The Missing “R” in Schools: Reading, ‘Riting, ‘Rithmetic, “Relationships”
“Relationships are all there is. Everything in the universe only exists because it is in relationship to everything else. Nothing exists in isolation. We have to stop pretending we are individuals that can go it alone.” — Dr. Margaret J. Wheatley
With all the emphasis on the importance of “THE TEST” to determine a student’s success in school over the past twenty or more years, the importance of building relationships has become the missing “R” in schools. Teaching children is not just about scores and numbers, it is about making a human connection between the teacher and the student. It is about teaching the “Total Child” socially, emotionally, developmentally, as well as academically. It is about creating a safe, risk-free environment where teachers can teach, and students can learn.
One second-grade teacher at an elementary school in Aberdeen, Maryland, said, “in schools, relationships are treated as luxuries. Relationship is a necessity for learning. We can’t afford not to do it.” Setting expectations, enforcing classroom rules positively, consistently learning who they are outside of school, individualizing instruction, and using supportive language in class will show how much you care. http://www.nea.org/tools/29469.htm
- The Teacher-Student Relationship
Research shows relationships make a difference in the way students perform in school. In John Hattie’s book, Visible Learning, A Synthesis of Over 800 Meta-analysis Relating to Achievement, he determines what indicators make the greatest impact on student achievement. An effect size of d=1.0 indicates an increase of one standard deviation. A one standard deviation increase is typically associated with advancing a student’s achievement by 2 to 3 years or improving the rate of learning by 50%.
One of the most effective indicators to focus on is Teacher-Student Relationships which ranked d = 0.72. The relationship teachers have with their students dictates the impact they will have on their students’ achievement.
- The Student–Student Relationship
Rather than bubbling-in answer sheets, students should be learning to work together cooperatively to solve problems. Cooperative learning is a learning process of its own that prepares students for the real world of work. Students should be actively engaged in their learning, both hands-on and “minds-on.” The work should be genuine and authentic to the student’s current world of interests and importance; so important that students persist and derive satisfaction from their work and their work product. Teachers facilitate this process and design the work tasks that cause the students to use critical and creative thinking and manipulate objects or information sources to create their work product.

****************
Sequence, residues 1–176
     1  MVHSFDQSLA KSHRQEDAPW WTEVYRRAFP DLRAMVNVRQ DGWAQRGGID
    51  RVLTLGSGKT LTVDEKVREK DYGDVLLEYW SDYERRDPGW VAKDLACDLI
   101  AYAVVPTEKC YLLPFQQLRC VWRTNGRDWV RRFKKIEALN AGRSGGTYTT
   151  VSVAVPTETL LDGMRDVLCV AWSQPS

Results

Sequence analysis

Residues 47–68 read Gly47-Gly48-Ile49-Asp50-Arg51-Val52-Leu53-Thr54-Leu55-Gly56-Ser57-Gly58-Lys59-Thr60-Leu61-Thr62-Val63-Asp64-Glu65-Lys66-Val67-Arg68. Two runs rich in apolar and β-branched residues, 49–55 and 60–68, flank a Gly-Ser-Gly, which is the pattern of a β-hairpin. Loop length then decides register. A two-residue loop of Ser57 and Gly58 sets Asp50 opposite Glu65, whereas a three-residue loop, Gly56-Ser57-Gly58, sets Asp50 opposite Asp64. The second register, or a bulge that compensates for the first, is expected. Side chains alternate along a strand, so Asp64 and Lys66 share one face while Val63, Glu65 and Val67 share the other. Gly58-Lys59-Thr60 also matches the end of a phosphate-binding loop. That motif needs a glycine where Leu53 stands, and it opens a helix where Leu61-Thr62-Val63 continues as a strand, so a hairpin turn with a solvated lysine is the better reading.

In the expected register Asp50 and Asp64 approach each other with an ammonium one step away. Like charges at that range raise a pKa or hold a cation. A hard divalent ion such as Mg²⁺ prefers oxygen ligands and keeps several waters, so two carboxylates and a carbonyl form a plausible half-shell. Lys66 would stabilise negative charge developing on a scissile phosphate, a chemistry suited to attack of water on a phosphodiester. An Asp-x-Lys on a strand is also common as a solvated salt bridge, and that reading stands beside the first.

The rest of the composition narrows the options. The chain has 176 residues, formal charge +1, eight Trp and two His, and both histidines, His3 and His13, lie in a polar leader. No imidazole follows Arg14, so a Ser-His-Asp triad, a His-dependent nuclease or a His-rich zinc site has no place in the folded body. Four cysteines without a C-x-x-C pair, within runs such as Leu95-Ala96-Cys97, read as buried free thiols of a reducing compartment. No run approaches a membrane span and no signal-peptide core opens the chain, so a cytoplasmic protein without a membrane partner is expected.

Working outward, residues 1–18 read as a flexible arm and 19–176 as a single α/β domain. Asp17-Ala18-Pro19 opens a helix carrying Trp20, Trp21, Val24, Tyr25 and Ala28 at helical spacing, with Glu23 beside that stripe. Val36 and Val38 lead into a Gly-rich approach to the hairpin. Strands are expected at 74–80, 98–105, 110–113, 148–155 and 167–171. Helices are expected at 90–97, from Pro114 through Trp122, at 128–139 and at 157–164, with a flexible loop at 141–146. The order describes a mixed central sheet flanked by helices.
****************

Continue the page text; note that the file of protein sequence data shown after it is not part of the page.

- The Teacher–Parent Relationship
The parent is the child’s first teacher; hence parents know their children best. Teachers should listen to the parent’s knowledge of the child without judgment, noting the similarities and differences they see in the classroom. Teachers are professionals with training in both subject-area knowledge and knowledge of the developmental ages and stages of children. Parents should listen to the teacher’s expectations of learning content and social/emotional behavior in the classroom. Respect from both sides is essential in this relationship, the parents from the home and the teacher from the school. Both the parent and teacher are there for the same reason—the best interest of the child.
- The School–Parent Relationship
Parents and guardians should play an active role in their child’s education. They should be invited to take part in activities for learning and learn strategies to use at home with their children. Parents often feel uncomfortable in the school setting because of their own past experiences. It is important for the school to present a welcoming, customer-focused environment to break down any preconceived barriers. Schools should do everything possible to create a collaborative atmosphere, asking questions about the student and asking for suggestions from the parent, before saying what should be done and how. Again, parents should know that school staff are professionals and have experience with how students learn, so they also need to be open to suggestions from the teachers and staff.
- The School–Community Relationship
The most successful partnerships between schools and local business are those that have a personal stake in the school families and community. Supporting small businesses and families contribute to and promote the local economy, available services, and scores priceless publicity for the schools. Knowing and inviting local and state government officials to your school for innovative student activities and community events provide good visibility for everyone involved. However, inviting them to observe quality teaching and learning in your classrooms as well as the challenges you face, can result in their having firsthand experiences when making decisions on critical educational issues.
We all know the old cliché, “It takes a village to raise a child.” I believe in the power of relationships and in all of us – students, teachers, parents, and community members – working together to build a sense of community and to support our schools. Together we can refocus the priorities of our education systems to include the importance of relationships for our students and for all of us. What do you think?
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